Starting batteries are sometimes warranted for 5 years...with full, FREE replacement if they die within 3 years.

A starting battery that is deep cycled too often will die in less than 2 years.

Hmmmnnn.....
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Old 04-24-2015, 08:47 AM   #7
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Yes, true deep cycle batteries are better. If you plan to do any boondocking (camping without hookups) definitely get deep cycle.

If, however, you plan to always camp in an RV park with hookups, the dual purpose type batteries will do you fine, and I like the availability and price of Walmart.
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Old 04-24-2015, 10:23 AM   #8
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1986 25' Sovereign
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I have had good luck with true "deep cycle" batteries - got ours at West Marine almost four years ago and they are still going strong. But, depending on how you will use your trailer standard automotive batteries might be just fine - and perhaps cheaper. (We tend to be off the grid a fair amount and battery capacity is important.) If you need battery capacity perhaps the best solution is to reduce your electrical demand with LED interior lights.

Our previous unit was a 75 Trade Wind and one of the best changes I made was to ditch the old Univolt charger. Today, I would go with a 3 stage smart charger with fairly LOW (35 amp) capacity. Batteries last longer if they are charged at a lower rate.

Good luck,

Whit Nash
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Old 04-24-2015, 12:13 PM   #9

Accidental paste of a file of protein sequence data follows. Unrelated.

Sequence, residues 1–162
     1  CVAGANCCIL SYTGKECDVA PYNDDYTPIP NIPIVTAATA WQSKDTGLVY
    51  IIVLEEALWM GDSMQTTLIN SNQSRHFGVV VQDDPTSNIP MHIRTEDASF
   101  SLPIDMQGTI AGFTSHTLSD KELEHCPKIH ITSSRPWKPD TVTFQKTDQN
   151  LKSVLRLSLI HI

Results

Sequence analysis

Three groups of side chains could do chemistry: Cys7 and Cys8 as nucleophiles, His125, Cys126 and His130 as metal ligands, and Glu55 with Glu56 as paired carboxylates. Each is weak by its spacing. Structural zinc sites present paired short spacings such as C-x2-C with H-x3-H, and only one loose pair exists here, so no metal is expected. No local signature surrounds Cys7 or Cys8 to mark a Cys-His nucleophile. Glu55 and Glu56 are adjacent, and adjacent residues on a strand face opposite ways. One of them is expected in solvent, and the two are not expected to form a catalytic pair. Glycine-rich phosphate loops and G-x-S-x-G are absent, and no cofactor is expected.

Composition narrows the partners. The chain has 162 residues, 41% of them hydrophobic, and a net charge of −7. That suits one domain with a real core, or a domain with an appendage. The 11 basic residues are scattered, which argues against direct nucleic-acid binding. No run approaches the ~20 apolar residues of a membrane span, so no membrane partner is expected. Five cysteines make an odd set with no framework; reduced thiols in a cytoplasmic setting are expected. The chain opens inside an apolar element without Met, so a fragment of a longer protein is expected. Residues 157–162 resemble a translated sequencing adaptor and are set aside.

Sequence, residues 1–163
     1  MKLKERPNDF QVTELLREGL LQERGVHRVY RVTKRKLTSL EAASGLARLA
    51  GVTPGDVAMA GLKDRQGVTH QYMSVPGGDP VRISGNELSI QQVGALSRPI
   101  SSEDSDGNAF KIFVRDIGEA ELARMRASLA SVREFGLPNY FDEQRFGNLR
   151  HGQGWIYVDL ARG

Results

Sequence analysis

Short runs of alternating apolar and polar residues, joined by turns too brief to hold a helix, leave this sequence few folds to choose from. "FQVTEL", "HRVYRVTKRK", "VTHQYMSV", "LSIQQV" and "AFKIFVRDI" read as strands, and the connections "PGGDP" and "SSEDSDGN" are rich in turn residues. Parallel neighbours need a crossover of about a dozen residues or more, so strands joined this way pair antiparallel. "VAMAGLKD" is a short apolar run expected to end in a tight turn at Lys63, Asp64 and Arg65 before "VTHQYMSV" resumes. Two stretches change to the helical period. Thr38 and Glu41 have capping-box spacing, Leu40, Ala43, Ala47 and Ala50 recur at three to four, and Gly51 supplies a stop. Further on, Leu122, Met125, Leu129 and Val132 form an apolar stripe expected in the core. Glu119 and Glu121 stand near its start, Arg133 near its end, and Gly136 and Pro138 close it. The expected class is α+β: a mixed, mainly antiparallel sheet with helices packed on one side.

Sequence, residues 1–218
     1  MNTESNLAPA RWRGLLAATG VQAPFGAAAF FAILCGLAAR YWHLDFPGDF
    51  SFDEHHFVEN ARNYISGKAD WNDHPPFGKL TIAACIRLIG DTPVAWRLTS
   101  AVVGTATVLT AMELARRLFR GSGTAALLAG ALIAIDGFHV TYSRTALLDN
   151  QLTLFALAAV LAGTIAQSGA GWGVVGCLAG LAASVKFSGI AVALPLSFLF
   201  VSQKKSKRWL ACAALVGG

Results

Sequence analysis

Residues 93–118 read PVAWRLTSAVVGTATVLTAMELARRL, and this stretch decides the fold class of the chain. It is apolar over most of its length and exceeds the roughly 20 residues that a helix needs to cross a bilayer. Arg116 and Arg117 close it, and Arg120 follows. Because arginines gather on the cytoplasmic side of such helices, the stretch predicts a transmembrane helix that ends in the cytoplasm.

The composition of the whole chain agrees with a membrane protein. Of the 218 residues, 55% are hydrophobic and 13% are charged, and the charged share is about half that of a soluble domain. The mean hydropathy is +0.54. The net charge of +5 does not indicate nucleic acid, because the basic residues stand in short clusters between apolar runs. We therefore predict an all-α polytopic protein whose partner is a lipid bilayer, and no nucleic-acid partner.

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Walmart deep cycles are good for the occasional dry camper. When ours were new we were out with no hookups for 4 days at Glacier NP. With careful power / water management we were fine but the batteries were new that summer. Now they're on their 4th year and still going strong. I do have a smart charger and keep it plugged in most of the time. Haven't been without hookups long enough to stress them lately.
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Old 04-24-2015, 01:20 PM   #10
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1976 25' Tradewind
Kimberton , Pennsylvania
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It’s Walmart then.

The consensus among most members generally points to Walmart for a deep cycle battery. Home Depot would be good but the availability of Walmarts everywhere wins out. Thanks again to all of you for your interest.
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Old 04-27-2015, 06:42 PM   #11
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One of my friends says go Wallmart and trade it in under Warranty after a couple of years...I don't agree of course. We would not use anything but AC Delco deep cycle. I've had those in my trailers for over 5 years on the last two we sold. Learned the hard way after cheaping out!

Marine batteries are a compromise to get enough amps to start the engine. Deep cycle batteries in an RV don't need starting amps but deliver low amperage at or near 12V more steadily over time and recover better from discharge
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Old 04-28-2015, 07:18 AM   #12
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1976 25' Tradewind
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Marine batteries and deep cycle batteries

JCWDCW, excluding special circumstances, aren’t marine batteries and deep cycle batteries one and the same? Whenever I bought a battery in the past there was always some prep to be done before it was installed. Maybe I should have paid more attention but aren’t they supposed to add electrolyte to the case before installation. The folks at Walmart seemed to be only interested in my returning a “core” to them after purchasing a C27 w/109amps off the shelf. No one there had any idea about 12 volt batteries.